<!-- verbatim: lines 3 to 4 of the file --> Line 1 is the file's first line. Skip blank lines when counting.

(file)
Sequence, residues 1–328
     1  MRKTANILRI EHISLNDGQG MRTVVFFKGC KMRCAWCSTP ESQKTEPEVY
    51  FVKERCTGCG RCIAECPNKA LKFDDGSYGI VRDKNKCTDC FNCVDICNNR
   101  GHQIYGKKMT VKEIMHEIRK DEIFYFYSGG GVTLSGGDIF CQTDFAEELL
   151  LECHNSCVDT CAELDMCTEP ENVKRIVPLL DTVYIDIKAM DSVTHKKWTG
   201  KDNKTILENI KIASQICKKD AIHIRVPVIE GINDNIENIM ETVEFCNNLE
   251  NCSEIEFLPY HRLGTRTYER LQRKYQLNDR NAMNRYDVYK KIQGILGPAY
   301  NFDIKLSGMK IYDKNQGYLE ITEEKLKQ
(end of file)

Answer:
    51  FVKERCTGCG RCIAECPNKA LKFDDGSYGI VRDKNKCTDC FNCVDICNNR
   101  GHQIYGKKMT VKEIMHEIRK DEIFYFYSGG GVTLSGGDIF CQTDFAEELL